Our 16 year old Tortoiseshell was diagnosed last year with hyperthyroidism which we have managed to treat using transdermal ear gel. Recently, we received bloodwork confirmation that her kidneys were failing.
We have now added sub-q fluids and aluminum hydroxide (for her elevated phosphorus level) to her regimen, which also includes transdermal atenolol (the "other ear") for her heart murmur. I am having less success getting the Famotidine into her, even having it compounded into soft cat treats but I am hoping that the aluminum hydroxide will help someone with any gastric acidity issues.
With all of this going on, Chipper is quite resistant to being medicated (did I forget about the Adequan shots every three weeks?) and I have learned to "prioritize" her daily medications with the sub-q fluids at the top of the list.
I recently subscribed to the "Stress to Success" video series (http://iwillhelpyourcatcourses.com/stresstosuccess/;
There is a LOT to digest and I continue to refer back to the chapters to hone in on activities to retry as our journey evolves. The Shebang (syringe) technique has probably saved us in the short term; the ability to use a smaller needle and still speed up the process has made all of the difference in getting the fluids on board.
Our vet gave us Normosol-R for Chipper's fluid administration but I am reasonably sure we used lactated Ringer's for our late cat Snickers.
I have read that lactated Ringer's helps buffer the acidity and may sting less during administration.Our vet was non-committal and only stocks Normosol-R.
Do you have any guidance on one versus the other?
First off, thank you for being one of the first people to join STS! Good job discovering which technique Chipper was requesting for the fluids!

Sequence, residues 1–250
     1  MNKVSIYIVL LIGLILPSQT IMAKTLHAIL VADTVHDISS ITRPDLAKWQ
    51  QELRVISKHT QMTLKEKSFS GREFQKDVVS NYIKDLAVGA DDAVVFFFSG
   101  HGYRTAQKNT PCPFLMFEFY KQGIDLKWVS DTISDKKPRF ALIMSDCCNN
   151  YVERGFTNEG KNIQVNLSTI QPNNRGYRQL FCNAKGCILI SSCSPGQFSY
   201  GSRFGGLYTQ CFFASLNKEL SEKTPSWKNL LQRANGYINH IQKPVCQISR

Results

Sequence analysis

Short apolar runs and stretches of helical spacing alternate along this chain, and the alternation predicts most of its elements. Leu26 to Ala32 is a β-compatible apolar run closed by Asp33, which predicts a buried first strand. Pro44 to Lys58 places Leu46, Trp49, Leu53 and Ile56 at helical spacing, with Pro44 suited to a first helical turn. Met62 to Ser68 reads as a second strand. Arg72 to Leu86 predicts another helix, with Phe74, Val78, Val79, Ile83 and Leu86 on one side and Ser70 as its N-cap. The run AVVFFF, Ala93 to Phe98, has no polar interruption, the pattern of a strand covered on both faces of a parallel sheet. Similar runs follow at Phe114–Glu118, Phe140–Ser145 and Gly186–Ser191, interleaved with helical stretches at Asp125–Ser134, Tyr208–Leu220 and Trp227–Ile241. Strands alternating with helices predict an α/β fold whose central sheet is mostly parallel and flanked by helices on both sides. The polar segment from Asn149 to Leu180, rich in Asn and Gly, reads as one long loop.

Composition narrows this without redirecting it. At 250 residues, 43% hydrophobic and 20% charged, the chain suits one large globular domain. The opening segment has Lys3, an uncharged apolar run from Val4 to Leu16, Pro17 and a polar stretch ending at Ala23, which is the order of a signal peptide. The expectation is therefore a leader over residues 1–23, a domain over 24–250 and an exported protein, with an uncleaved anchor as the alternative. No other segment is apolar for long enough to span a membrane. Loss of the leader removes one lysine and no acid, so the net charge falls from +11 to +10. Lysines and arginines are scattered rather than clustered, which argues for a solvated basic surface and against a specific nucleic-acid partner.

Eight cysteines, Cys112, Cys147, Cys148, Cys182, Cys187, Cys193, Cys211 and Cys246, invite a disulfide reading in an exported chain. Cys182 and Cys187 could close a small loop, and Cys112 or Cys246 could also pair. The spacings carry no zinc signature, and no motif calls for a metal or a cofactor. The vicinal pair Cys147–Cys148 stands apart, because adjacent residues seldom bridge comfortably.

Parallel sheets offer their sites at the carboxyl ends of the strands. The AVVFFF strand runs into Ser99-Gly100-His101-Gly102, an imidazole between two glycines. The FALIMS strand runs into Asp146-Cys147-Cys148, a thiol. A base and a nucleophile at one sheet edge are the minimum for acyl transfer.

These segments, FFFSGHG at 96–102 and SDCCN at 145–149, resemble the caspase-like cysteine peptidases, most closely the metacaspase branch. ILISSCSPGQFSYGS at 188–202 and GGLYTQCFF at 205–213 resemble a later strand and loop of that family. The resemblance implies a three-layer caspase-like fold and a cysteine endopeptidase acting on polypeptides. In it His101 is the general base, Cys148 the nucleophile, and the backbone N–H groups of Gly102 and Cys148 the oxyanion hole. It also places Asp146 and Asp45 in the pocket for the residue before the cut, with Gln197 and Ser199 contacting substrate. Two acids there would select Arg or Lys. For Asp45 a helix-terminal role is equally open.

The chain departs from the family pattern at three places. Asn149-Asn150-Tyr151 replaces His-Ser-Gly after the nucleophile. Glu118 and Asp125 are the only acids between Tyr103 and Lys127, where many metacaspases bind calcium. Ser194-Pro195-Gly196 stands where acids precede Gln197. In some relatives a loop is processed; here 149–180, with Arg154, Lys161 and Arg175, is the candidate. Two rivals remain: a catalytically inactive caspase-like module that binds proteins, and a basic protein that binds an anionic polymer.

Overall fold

Let’s talk about fluids type and Chipper.
With heart and kidney issues, you have a balancing act to achieve. Which fluid type you select will reflect that balancing act.
In terms of safety, the first consideration in which how much sodium (Na+) is in the fluids. The more sodium there is, the greater the chance that hypertension can occur. And hypertension isn't ideal for a heart issues.
When you hear of cats with a normal temperature, in their home environment (i.e. not hypothermic cats under anesthetic with IV fluids) not doing well with SQ fluids, a major factor can be sodium. The fluids are in fact delivering sodium to the body, and there will be a response (good, neutral or bad).
So Ideally, you want something with reasonable sodium content for ongoing use.
Normasol R has more sodium that lactated ringers. They are both considered higher sodium fluids however.
So either might work, but the lactated ringers is theoretically better.
You are doing a great job thinking about these details to find the best way to treat Chipper!
Two points to leave you with:
- Talk to your vet about injectable famotidine. You can put that into the shebang technique syringe shown in STS, and so everything is given in one step (so you can avoid the oral meds).
- The ideal situation for your cat ultimately might be to use fluid mixtures. You won’t hear too much about that right now - it's a technique that hasn't been popularized as yet. If there demand for it, I might develop a in depth CKD course in the same format as STS, that will go over these less common but valuable techniques.
Thanks for your question and for joining STS!